The Moriarty report [Chapter 3 in Part II of Volume 1] deals with a donation of $50,000 by the Norwegian telecommunication company to Fine Gael for a New York fundraiser in 1996.
Telenor’s donation was made on behalf of Denis O’Brien’s Esat.
The tribunal found Mr O’Brien instigated the payment two months after Esat won the single largest procurement award in the history of the State.
Moriarty criticised Fine Gael for not disclosing the clandestine nature of this payment to the Moriarty Tribunal, saying it was designed to be concealed.
During the tribunal, Jim Miley – now the head of The Gathering – who was general secretary of the party at the time of the mobile phone licence procurement, told the tribunal that Fine Gael were advised not to disclose details of the $50,000 as it was seen as ‘not relevant’. He also agreed that to do so would have had ‘disastrous political consequences’.
The following is a transcript, from the Moriarty Tribunal on June 13, 2001, in which Jerry Healy SC, for the State, questioned Mr Miley about a file note written by Kevin O’Higgins.
The note detailed Mr Miley and Mr O’Higgins’ concerns for Fine Gael’s involvement in the Moriarty Tribunal.
Jerry Healy: ‘The file note of the 6th March refers to a meeting in Mount Street with you, and it says, “I [Kevin O’Higgins] attended a meeting in Mount Street with Jim Miley to consider in further detail this matter of much confidentiality. At a Trustees meeting the previous evening the Trustees had requested of Jim that he require me to indicate whether or not the matter as disclosed should be referred to the Moriarty Tribunal. We talked the matter through and it is a very difficult question to answer. Jim felt that reference of that matter to Moriarty would have disastrous political consequences and it will ultimately be a matter on which he will have to talk to the Party leader. We talked further on the matter on this morning, 6th March, and he shall talk with John Bruton further. In addition, we spoke last night about the Telenor situation and the fact that their solicitor, Kevin O’Brien, had requested of me further assurances that the monies came directly from the David Austin account to Fine Gael and not through any intermediate account in which Mr. Lowry could have had an involvement. From discussions with Jim last night, the line we are to take is that we should not be messenger boys for Telenor in this matter and that they should make direct contact with David Austin and seek any such assurances such as they wish. Jim feels that there may be an element of Telenor trying to set us up in the knowledge of certain other information, and we don’t want to be made hostages to fortune. I just pointed out that although it is clearly in their interest that they don’t have to refer the matter to Moriarty, similarly we want to give them little opportunity of feeling that they have to do so.I spoke with Kevin O’Brien solicitor this morning and advised them of the situation. I understand that the Chief Executive of Telenor had been dealing directly with David Austin on this matter, so that it wouldn’t have been the first time that they would have had such contact.” Now, at this point there was still there were three matters, as far as I can see, under discussion. Firstly, there was the question posed by Telenor, the answer to which would determine whether they would feel obliged to refer certain matters to this Tribunal. Secondly, there was the political dimension mentioned by you that referring the matter to the Tribunal would have disastrous political consequences. And thirdly, there was the question of whether, in fact, between the money leaving Telenor and ending up in Fine Gael, it had gone into an account with which Mr. Lowry could have had an involvement, isn’t that right?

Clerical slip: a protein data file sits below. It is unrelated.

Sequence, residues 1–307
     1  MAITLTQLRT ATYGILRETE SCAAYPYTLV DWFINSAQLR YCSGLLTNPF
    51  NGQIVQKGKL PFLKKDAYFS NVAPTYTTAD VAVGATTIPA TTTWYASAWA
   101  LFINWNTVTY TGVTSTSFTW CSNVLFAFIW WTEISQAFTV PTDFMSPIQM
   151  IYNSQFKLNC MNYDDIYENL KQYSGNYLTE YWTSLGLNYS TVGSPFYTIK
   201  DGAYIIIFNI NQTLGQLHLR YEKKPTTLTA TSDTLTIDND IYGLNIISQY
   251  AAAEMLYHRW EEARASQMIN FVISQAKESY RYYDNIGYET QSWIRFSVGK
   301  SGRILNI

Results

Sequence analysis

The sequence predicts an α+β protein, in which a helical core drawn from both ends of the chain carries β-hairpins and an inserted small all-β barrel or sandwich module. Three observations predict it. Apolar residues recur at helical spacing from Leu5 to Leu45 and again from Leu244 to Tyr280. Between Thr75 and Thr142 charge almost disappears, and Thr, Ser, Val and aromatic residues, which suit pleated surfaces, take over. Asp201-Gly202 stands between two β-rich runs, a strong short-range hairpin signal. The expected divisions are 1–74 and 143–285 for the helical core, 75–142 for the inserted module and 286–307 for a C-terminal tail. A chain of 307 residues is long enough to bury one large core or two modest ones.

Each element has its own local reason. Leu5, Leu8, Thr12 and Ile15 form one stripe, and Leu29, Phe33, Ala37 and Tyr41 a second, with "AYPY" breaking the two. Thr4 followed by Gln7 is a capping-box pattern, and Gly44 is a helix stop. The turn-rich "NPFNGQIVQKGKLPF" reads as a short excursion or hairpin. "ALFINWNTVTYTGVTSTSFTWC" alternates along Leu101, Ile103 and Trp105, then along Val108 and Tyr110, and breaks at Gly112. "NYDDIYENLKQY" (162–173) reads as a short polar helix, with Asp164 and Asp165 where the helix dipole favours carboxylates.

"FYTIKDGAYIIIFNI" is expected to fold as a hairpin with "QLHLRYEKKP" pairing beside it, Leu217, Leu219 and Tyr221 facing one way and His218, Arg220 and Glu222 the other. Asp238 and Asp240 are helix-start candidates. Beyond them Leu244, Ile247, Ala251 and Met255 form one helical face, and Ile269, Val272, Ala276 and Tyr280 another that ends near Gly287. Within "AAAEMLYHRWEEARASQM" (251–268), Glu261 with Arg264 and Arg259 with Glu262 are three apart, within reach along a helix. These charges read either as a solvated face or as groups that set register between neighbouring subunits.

Mr Miley: (Nods head.)
Healy: “You were concerned with what you described as the disastrous political consequences. I take it the notion that Fine Gael would have been involved in some matter concerning fundraising that might or couldpossibly be construed as being improper, would that be right?”
Mr Miley: “Well, obviously this is the Party solicitor’s words, not mine, but I am presuming he captured the tone of what I was saying. I suppose what it would reflect is the general view that, amongst anyone, political party, politician, or indeed any individual, that an appearance at a Tribunal is not probably on the top of one’s wish list. So it was probably in that context it was raised. There was I mean, this issue was dealt with fully. I subsequently discussed it with the Party Leader. It was raised at a meeting of the Party Trustees, and it was decided very clearly that we would seek senior counsel advice on this, which we received and which advised in a particular way that it wasn’t relevant to the Tribunal.”
THE MORIARTY tribunal has awarded costs to the estate of the late Charles Haughey. The size of the costs sought is expected to be in the region of €4-€5 million, according to informed sources.
The former taoiseach, who died in June 2006, was the subject of the first of the tribunal’s two reports, published in December 2006. The tribunal investigated payments to Mr Haughey during his years as taoiseach and whether he had sought to do favours for those who made payments to him.
It found that he took payments of €11.56 million between 1979 and 1996, and granted favours in return. It said the scale and secretive nature of the payments “can only be said to have devalued the quality of a modern democracy”.